Apple snags more space at Vornado’s 11 Penn Plaza
Apple is betting big on Midtown: The tech giant has inked a deal to expand its offices at Vornado Realty Trust’s 11 Penn Plaza. In February, the Cupertino, California-based company signed a sublease for 220,000 square feet spanning four floors of the building. At the time, the Art Deco tower had 638,921 square feet available on the 4th through 14th floors as a sublease from Macy’s. Now, Apple has added two additional floors to its lease, bringing its total occupancy to 336,000 square feet. The tech company’s offices will span the ninth through 14th floors. Apple’s sublease is for just six years, according to the source, with the rent in the mid-$60’s per square foot. Representatives for Apple and Vornado did not respond to requests for comment.
Stock-Market Titans Amazon, Google and Facebook Are Also Driving Commercial Real Estate
The biggest U.S. tech companies are providing a jolt to the slumbering commercial real-estate business, emerging as major tenants and acquirers of office and other space while many non-tech firms are trying to tear up their leases. Five of the biggest property owners in the tech industry Amazon.com Inc., Facebook Inc., Apple Inc., Google parent Alphabet Inc. and Microsoft Corp. —together occupy around 589 million square feet of U.S. real estate, according to CoStar Group. That is more than all the office space in New York City, or the equivalent to about 220 Empire State Buildings. It marks a fivefold increase from a decade ago. While Facebook, Microsoft and Google have said they would support working from home beyond the pandemic, that hasn’t appeared to have dulled their appetite for warehouses, data centers, retail stores and even more office space. This year alone, the five tech giants have expanded their real-estate footprint by more than a quarter, their fastest rate over the past decade.
Manhattan office vacancies reach 16-year high
Manhattan’s marquee office market is facing its highest availability rate since 2004 as the fallout from the pandemic continues, according to a report from Colliers. 12.9% of office space in the borough was available in October, the fifth consecutive month that its availability rate increased. Average asking rents dropped to $76.20 per square foot, down from $77.12 in September and from $79.61 in October 2019. Subleased space accounted for 23.9% of Manhattan's total availability, its highest share since 2009. Leasing activity, however, actually did tick up compared to September, increasing from 1.12 million square feet to 1.76 million square feet. But this was still down dramatically from the 3.89 million square feet leased in October 2019.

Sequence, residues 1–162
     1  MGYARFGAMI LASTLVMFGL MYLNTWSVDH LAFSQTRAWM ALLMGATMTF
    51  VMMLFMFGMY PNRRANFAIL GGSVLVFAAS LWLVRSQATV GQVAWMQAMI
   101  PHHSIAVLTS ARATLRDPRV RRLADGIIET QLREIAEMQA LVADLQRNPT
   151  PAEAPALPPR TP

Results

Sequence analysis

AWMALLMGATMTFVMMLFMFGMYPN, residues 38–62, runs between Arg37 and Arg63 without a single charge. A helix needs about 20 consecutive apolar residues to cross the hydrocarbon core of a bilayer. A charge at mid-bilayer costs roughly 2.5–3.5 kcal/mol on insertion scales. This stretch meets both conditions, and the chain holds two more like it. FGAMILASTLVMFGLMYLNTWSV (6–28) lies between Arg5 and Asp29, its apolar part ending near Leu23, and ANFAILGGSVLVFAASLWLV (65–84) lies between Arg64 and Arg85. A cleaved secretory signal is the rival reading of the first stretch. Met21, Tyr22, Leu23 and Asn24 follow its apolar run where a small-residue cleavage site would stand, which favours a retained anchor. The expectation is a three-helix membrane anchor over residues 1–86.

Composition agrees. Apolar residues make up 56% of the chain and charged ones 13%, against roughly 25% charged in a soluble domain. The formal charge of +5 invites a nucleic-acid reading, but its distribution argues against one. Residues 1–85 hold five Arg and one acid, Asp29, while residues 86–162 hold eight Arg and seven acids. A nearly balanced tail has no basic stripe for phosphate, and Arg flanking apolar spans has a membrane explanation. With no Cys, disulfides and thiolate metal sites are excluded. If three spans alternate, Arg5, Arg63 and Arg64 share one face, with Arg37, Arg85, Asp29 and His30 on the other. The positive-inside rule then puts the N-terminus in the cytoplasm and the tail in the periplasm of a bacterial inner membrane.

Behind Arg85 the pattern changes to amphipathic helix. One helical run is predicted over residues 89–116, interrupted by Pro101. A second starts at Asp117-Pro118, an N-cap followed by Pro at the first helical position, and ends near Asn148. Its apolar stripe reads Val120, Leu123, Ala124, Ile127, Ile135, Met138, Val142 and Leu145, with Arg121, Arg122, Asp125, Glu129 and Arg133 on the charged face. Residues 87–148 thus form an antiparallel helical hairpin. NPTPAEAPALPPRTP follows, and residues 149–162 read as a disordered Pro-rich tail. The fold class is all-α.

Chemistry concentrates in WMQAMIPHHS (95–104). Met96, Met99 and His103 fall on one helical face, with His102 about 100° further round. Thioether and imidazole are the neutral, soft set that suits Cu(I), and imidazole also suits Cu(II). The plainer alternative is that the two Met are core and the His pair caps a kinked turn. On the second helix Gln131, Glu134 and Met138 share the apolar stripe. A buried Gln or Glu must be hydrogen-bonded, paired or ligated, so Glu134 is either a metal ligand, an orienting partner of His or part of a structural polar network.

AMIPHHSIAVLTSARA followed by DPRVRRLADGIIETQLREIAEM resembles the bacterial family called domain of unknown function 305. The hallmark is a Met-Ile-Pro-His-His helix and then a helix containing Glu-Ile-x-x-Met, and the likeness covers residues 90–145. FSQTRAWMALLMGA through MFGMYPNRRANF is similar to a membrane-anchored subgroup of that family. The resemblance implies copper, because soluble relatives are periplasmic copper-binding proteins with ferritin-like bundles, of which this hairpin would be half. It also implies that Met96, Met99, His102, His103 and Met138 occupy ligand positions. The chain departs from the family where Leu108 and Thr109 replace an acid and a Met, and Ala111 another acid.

A New Setback for Big Cities as Return to the Office Fades
U.S. employees started heading back to the office in greater numbers after Labor Day but that pace is stalling now, delivering another blow to economic-recovery hopes in many cities. The recent surge in Covid-19 cases across the country has led to an uptick in Americans resuming work at home after some momentum had been building for returning to the workplace, property analysts said. Floor after floor of empty office space is a source of great frustration for landlords and companies, which have invested millions of dollars in adapting building plans and developing new health protocols to make employees comfortable with a shared location. About a quarter of employees had returned to work as of Nov. 18, according to Kastle Systems, a security firm that monitors access-card swipes in more than 2,500 office buildings in 10 of the largest U.S. cities. That rate is up sharply from an April low of less than 15%, which largely consisted of building-maintenance and essential workers. The office return rate climbed steadily during the summer and early fall, but it has flattened out after reaching a high point of 27% in mid-October, Kastle said. The rate for last week was down even more sharply than in previous weeks but likely reflected the Thanksgiving Day holiday.